Galle: Team Director Ravi Shastri says the learning curve for the Indian side is over and it's time that the players start winning Test matches abroad by finding ways to get 20 wickets.
India are aiming to win a first series on Lankan soil in more than two decades when the first Test gets underway here Wednesday.
Ravi Shastri with Virat Kohli
"You don't come to a cricket ground to draw a cricket match so you play a brand of cricket where you look to take the game forward and you look to take 20 wickets, that is paramount. You have got to think how you can take 20 wickets to take the game forward and win the game," Shastri said.
"It is extremely important to start winnings games. They have had the learning curve in South Africa, New Zealand, England and Australia. They have played a lot of cricket overseas and that experience factor will certainly come into play when they get back to conditions they are familiar with." Shastri also backed skipper Virat Kohli's strategy to field five bowlers.
"And then the fact that you have an additional bowler might just help you close matches that you couldn't earlier.
It's not about getting big runs but about taking 20 wickets. Look at England in the Ashes. It's their depth in bowling that has made all the difference," he pointed out. India's last Test series win in Sri Lanka came back in 1993 when they won a three-match series 1-0. Since then, winning here has been a big question mark. But now the Lankan team is also rebuilding with a lot of new faces around, putting this series in a fine balance.
"I think they had some very good sides in the past and they play very well as a unit and as a team," said Shastri.
"When I came here first in the 80s they won that series 1-0. They had a pretty decent attack. And right through those middle years they had Muttiah Muralitharan who was a massive influence. Of course you have Mahela Jayawardene and Kumar Sangakkara coming in after that, but again Murali was the main guy as it is about taking 20 wickets.
"And he was instrumental with some other spinners in doing that. That's why they have been a force in this part of the world. So it is a big challenge." Shastri said the series will be a good contest between the two young sides.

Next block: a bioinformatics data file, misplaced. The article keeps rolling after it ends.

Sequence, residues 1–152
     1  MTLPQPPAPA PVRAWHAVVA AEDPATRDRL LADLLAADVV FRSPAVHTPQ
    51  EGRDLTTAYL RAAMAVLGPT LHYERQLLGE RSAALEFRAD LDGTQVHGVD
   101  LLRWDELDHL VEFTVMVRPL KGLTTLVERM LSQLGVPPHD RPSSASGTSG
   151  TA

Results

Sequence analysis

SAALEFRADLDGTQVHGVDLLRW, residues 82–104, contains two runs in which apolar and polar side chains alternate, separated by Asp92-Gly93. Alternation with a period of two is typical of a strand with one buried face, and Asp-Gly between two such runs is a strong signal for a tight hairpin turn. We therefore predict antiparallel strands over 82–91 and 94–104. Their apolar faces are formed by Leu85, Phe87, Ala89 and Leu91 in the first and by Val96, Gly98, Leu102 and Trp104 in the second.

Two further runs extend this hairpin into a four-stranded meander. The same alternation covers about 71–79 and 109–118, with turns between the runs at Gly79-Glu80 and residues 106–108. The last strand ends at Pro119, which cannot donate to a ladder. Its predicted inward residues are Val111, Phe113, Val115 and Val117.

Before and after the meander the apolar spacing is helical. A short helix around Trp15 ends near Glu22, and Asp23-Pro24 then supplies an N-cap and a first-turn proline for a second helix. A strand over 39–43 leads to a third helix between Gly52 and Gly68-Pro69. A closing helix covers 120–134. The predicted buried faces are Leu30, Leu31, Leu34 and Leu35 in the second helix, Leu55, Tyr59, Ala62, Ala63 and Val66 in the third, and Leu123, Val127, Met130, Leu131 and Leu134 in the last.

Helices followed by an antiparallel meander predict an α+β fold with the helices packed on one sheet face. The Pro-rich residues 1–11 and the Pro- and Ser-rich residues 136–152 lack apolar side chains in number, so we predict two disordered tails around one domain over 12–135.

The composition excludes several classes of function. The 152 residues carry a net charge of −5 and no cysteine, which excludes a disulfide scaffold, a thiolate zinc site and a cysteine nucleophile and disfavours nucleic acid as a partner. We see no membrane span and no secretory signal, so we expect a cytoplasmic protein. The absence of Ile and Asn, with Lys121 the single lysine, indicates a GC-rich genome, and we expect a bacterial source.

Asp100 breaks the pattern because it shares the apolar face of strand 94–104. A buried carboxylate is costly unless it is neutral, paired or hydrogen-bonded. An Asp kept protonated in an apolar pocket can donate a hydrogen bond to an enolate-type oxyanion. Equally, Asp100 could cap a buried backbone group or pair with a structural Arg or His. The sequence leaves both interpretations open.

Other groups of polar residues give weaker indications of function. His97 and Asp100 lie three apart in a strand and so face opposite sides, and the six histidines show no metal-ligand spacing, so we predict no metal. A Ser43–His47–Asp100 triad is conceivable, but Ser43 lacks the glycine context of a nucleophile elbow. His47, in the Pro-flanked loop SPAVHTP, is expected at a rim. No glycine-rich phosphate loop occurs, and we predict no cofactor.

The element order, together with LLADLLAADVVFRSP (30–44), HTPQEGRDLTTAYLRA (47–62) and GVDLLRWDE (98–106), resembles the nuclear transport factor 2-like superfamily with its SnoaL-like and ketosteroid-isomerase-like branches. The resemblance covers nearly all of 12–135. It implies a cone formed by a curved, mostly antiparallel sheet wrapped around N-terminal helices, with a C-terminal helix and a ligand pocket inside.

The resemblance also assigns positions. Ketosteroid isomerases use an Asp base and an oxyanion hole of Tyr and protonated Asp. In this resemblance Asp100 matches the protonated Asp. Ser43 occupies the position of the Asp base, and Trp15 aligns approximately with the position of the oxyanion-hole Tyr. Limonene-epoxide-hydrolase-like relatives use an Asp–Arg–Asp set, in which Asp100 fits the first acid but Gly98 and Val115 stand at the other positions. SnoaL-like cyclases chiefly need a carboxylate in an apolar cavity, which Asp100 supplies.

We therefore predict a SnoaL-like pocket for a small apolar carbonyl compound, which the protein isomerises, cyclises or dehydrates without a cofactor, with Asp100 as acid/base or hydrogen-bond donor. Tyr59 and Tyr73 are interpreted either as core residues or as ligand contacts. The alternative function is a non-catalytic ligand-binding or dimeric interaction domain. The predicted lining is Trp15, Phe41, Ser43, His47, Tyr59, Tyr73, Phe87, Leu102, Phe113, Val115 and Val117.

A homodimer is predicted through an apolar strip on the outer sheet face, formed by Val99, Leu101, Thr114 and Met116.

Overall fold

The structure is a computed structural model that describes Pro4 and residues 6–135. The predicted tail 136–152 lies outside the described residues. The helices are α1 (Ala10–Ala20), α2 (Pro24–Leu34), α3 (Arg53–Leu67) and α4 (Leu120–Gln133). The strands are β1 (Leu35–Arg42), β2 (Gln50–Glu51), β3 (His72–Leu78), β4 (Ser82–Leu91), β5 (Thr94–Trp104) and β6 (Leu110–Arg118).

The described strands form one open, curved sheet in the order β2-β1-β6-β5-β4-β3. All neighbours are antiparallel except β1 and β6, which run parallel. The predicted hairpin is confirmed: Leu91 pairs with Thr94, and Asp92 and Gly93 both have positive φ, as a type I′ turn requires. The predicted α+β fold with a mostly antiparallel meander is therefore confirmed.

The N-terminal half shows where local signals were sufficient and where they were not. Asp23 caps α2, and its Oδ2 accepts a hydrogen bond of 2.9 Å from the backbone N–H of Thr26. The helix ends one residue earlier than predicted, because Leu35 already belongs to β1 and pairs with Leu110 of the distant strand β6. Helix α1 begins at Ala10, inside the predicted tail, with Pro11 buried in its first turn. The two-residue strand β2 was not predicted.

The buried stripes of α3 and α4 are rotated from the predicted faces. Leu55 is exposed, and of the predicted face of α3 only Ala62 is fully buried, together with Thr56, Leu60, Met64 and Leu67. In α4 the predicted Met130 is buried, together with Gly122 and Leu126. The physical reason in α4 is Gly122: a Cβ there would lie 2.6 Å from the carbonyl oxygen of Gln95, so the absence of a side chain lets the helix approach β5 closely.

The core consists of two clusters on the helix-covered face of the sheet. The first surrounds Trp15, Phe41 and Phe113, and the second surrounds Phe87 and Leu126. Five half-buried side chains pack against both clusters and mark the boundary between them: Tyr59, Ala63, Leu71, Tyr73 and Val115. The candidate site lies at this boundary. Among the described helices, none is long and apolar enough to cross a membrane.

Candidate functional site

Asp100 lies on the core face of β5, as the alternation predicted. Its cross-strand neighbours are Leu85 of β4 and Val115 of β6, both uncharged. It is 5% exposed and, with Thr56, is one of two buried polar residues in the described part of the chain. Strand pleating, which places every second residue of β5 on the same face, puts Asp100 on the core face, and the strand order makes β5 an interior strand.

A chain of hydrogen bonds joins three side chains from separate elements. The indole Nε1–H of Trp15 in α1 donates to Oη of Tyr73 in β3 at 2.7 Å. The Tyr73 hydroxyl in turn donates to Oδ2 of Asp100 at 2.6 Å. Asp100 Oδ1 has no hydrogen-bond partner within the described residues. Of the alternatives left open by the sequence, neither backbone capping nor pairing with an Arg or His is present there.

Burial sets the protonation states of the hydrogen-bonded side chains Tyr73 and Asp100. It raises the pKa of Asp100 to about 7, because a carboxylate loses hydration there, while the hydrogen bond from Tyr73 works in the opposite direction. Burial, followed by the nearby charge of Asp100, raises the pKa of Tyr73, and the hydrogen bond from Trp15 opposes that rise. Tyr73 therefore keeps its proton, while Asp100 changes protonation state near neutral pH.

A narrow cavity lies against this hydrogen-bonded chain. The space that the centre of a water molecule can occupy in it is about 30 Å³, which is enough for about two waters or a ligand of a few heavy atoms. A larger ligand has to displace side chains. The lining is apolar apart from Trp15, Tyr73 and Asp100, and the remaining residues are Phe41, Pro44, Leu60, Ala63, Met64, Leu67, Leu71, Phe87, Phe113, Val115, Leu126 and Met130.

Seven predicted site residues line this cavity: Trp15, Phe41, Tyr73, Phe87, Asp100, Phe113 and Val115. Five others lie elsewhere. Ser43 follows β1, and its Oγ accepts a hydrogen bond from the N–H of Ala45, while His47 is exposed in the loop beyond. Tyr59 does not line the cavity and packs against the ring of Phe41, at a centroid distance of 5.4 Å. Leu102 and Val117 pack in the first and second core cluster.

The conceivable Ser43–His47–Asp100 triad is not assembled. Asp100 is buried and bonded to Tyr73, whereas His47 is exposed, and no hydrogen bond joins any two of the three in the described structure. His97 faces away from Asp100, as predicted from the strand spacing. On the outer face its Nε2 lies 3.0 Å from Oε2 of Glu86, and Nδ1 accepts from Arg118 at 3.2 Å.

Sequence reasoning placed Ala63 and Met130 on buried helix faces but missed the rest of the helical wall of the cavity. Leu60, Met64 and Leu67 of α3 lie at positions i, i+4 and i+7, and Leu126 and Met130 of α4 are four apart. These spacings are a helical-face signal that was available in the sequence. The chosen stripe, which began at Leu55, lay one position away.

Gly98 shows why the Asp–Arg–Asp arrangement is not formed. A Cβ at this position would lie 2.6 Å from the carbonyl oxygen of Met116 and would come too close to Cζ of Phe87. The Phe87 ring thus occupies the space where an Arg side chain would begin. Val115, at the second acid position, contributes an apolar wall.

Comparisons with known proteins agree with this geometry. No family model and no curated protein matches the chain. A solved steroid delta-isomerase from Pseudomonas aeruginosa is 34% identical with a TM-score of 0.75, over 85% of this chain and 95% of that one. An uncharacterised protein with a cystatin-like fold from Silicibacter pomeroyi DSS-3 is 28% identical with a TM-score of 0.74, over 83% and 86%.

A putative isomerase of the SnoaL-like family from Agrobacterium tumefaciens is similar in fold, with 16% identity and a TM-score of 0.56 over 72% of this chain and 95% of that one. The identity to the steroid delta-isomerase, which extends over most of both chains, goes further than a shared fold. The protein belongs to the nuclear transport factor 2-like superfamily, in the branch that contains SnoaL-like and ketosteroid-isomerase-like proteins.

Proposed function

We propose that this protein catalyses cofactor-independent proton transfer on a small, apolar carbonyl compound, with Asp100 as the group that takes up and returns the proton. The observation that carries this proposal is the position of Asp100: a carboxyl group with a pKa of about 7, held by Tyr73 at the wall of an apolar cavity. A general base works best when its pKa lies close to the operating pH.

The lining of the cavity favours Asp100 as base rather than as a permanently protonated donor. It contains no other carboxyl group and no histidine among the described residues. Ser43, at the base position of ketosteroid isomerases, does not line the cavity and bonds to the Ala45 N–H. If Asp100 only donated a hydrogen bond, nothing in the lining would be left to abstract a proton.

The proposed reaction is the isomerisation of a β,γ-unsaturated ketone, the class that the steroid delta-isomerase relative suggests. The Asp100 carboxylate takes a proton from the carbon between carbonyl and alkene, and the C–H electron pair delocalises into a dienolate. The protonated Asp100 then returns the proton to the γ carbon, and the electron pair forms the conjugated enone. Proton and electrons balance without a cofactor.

"This must be one of the youngest Indian teams to come here. If you look at the average age of this side, it will be about 25-26 as opposed to the teams that have come here in the last 15 years. So this is a very young side as well. Sri Lanka is a young side too but you can make up for that in home conditions. So it will be young versus young and it will be interesting," he said.
Talking about the Rohit Sharma and Cheteshwar Pujara debate, Shastri said Rohit deserves his place in the playing XI. "Rohit is a class player. It's just a case of him smelling the coffee, spending some time in the middle and getting a start, and then we know what he can do. It could be a good position for him because he has that ability to counter attack and yet at the same time he will have to be tight. If Pujara is in the best five batsmen of the team he will play, if not he doesn't. I am sure he will make a comeback at some point, especially if we are playing only four bowlers."
This policy of five bowlers puts added onus on the lower order then, with the spotlight firmly on Wriddhiman Saha at the number six spot. The Bengal gloves-man hasn't been in the best of form though and it is a bit of a worry going into the series.
"Saha is a very good player and he might have got out cheaply but he has got the temperament to score runs. He batted really well in Sydney to save that Test match in the second innings as well as when he got the opportunity he looked good at the crease. It's converting that start into one big score and giving himself the self-belief that he can perform.
"And it's not just Saha. Each one of those bowlers will have to put a price tag on their wickets. No wicket is free these days and you have to make the bowlers earn those wickets and a lot will be expected from the bowlers," Shastri signed off.